• A photograph of Shahid Azmi
  • A still from Shahid
  • A still from Shahid
  • A still from Shahid
  • Hansal Mehta on the sets of Shahid
  • Poster of Shahid

A murder, a movie, and the man in between the two


What’s in a name? The name ‘Shahid’ could mean ‘witness’ or ‘martyred’ in Arabic. In Urdu, Shaheed means martyred, Shahid— witness.


On February 11, 2010, 32 year old lawyer and activist Shahid Azmi was gunned down by four men in his office at Taximen Colony, Kurla, Mumbai. He left behind a wall riddled with bullet holes and splattered with blood.


Next day morning, filmmaker Hansal Mehta read of Azmi’s killing in the front page of The Times Of India. A photograph of that wall, with blood and bullet holes, is all he can remember of the article today. An hour later, Mehta had tweeted: “I have found the subject for my next film.”


It had only been a few days since Mehta had moved into a new flat in Oshiwara, Mumbai. Two years ago, his last film, a Bollywood potboiler called Woodstock Villa, had led Mehta to claim he was “creatively dead”, and move to a house in Lonavla, a hill station a couple of hours away. But the distance from the city wasn’t allowing him to “do justice to his work”. “Also, I was getting very retired with my whole approach to life.”


So Mehta bought his first house (he had lived with his parents before this) in Bombay, the city he had been born and brought up in, or Mumbai, the city it had become. Mehta claims the reason Azmi’s story appealed to him was “a growing concern about the polarized world we live in. Mumbai’s second largest community is that of Muslims. And yet Mumbai is so deeply polarized, that the attitude towards Muslims is that they should be bracketed. They’ve also begun to take this bracketing very seriously— to live in this bubble.”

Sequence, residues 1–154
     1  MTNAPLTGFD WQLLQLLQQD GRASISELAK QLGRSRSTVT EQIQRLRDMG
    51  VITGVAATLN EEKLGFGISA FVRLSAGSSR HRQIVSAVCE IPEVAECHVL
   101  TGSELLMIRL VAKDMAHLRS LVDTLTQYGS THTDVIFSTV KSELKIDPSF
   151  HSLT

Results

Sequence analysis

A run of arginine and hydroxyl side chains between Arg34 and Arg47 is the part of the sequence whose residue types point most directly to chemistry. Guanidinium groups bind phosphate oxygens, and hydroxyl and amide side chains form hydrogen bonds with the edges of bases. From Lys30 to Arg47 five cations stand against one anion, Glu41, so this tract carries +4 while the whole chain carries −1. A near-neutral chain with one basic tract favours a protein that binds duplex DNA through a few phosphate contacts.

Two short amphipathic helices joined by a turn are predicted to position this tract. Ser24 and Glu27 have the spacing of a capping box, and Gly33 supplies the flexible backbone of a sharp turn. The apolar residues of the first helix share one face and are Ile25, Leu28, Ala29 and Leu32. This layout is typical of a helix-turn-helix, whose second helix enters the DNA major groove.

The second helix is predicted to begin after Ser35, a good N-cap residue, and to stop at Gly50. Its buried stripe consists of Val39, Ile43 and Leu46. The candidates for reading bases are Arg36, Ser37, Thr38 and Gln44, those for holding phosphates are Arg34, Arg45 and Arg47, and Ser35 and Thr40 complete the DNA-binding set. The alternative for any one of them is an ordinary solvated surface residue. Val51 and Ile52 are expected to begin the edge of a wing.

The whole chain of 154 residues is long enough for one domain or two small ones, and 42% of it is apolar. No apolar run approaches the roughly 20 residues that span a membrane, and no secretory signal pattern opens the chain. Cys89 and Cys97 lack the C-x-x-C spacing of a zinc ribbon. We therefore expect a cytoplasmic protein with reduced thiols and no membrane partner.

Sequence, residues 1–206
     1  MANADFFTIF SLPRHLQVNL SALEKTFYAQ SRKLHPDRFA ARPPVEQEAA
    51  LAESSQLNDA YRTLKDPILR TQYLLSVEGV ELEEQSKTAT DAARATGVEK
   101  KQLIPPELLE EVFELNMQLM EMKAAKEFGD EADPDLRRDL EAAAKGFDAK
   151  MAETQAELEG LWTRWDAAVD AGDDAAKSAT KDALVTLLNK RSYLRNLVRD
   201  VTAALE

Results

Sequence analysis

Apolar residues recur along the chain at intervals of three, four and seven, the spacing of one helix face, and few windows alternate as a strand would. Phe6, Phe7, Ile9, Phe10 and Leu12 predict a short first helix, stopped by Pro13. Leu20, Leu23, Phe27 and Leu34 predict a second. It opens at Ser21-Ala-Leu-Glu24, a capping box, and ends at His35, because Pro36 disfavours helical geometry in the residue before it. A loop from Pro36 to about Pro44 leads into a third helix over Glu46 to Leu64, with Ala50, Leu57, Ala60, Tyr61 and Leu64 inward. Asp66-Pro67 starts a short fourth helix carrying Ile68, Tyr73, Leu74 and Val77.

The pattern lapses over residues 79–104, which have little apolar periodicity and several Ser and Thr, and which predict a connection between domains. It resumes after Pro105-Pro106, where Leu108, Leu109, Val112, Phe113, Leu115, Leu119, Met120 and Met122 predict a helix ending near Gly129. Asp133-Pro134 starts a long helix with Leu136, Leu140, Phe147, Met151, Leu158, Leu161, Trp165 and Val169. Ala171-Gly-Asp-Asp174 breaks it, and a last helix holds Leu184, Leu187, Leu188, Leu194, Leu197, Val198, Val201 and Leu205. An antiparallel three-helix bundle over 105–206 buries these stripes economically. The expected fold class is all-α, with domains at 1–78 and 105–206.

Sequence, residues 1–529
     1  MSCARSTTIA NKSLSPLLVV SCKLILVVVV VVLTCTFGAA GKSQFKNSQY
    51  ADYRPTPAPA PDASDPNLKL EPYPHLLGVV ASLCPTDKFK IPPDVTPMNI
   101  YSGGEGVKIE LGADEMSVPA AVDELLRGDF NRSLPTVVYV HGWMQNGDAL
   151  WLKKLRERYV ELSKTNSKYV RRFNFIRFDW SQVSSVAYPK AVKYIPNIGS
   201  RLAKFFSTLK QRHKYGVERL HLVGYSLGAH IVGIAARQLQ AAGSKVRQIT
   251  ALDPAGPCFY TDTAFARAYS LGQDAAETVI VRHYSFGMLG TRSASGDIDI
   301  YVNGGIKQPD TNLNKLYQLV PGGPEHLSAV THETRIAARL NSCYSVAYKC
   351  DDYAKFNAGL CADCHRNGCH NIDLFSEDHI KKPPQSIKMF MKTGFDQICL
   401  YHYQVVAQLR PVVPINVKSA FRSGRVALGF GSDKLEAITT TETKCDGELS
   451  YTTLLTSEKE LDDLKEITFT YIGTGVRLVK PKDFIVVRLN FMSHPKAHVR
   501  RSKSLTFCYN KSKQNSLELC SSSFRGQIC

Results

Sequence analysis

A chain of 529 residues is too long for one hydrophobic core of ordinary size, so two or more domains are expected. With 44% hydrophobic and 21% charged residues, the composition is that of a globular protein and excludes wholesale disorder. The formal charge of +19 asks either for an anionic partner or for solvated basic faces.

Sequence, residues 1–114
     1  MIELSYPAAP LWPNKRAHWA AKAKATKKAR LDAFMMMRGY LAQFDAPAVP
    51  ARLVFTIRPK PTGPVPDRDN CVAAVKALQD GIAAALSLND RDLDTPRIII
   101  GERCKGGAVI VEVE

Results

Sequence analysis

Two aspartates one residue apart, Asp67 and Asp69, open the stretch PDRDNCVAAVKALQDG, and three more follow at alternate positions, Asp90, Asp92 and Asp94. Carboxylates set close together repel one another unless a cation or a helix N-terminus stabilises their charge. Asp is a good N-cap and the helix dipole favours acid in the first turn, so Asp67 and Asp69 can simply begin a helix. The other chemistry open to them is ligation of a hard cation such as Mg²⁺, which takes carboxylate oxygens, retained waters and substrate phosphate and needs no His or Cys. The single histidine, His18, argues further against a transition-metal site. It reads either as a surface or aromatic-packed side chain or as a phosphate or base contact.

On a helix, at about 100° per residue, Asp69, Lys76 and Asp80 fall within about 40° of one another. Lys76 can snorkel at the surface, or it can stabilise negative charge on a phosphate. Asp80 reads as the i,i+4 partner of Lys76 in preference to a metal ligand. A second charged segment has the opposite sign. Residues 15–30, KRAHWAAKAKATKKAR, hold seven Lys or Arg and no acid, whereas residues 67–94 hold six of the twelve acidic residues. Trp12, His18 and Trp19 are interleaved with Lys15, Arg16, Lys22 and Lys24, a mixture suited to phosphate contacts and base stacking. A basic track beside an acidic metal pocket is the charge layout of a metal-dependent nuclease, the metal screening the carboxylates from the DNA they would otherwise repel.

In 2000, after Mehta released his second film Dil Pe Mat Le Yaar!!, Shiv Sena workers stormed into his office to teach him a lesson for a dialogue from the film that they felt was ‘anti-Maharashtrian’, because it described Khar-Danda, an area in Mumbai, as a place where there was “loot-maarchori (robbery, thievery)” and “ladkiyon ka adda (which implies prostitution)”. “They vandalized the office. I was thrashed,” is all Mehta says about the incident today. There is more in reports from the time and a blog post written by Mehta himself. His face was blackened with ink. He was summoned to Khar Danda to apologize to 20,000 people and 10 politicians and to kneel and touch his forehead to the feet of an elder there. (They threatened that such assaults would continue if he didn’t do this, they threatened to burn down the home of Kishore Kadam, who had acted in his movie). “There was no one to take up for me,” Mehta says. “(Mahesh) Bhatt Saab called me the day after this and said: We are with you.” The state government then was run by a coalition of the Indian National Congress (INC) and Nationalist Congress Party (NCP). NCP leader Chhagan Bhujbal called to say: “We will protect you,” to which Mehta replied: “The time to protect me has gone.” He felt “really let down by Bombay.”




A decade later, when Mehta read about Azmi’s murder, his only contact with the lawyer had been a phone call, where Mehta had asked him about an inmate who had been imprisoned at Mumbai’s Arthur Road Jail at the same time as Azmi. “He said he didn’t have time then, and to call him later,” Mehta remembers. “Perhaps he didn’t want to revisit those days.”


But Mehta has tried hard to revisit those days—that bridge the gap between two points in the life of a man that are on either side of the law, the gap in between witness and martyr—in the two and a half years after he read that report. In these years, claims Mehta, “I have lived with Shahid”.




In the beginning, for a few months, he read everything he could find on Azmi. “I wanted to stay with the idea. Nurture it to see if and how it could be a film.”


Sameer Gautam Singh, an aspiring screenwriter from Delhi, had asked Mehta to take a look at a script he had written during this time. “It was a twisted love story. I didn’t quite know how to respond to it.” When he didn’t, Singh sent Mehta a “strongly worded” email with lines like “‘you might not have time for me today, but one day you’ll have a lot of time for me’… or something like that,” Mehta recalls, laughing. When Singh visited Mehta’s office the next day and asked for his script back, Mehta met him and said he didn’t really identify with the script he had written, but asked him whether he would like to work on another idea.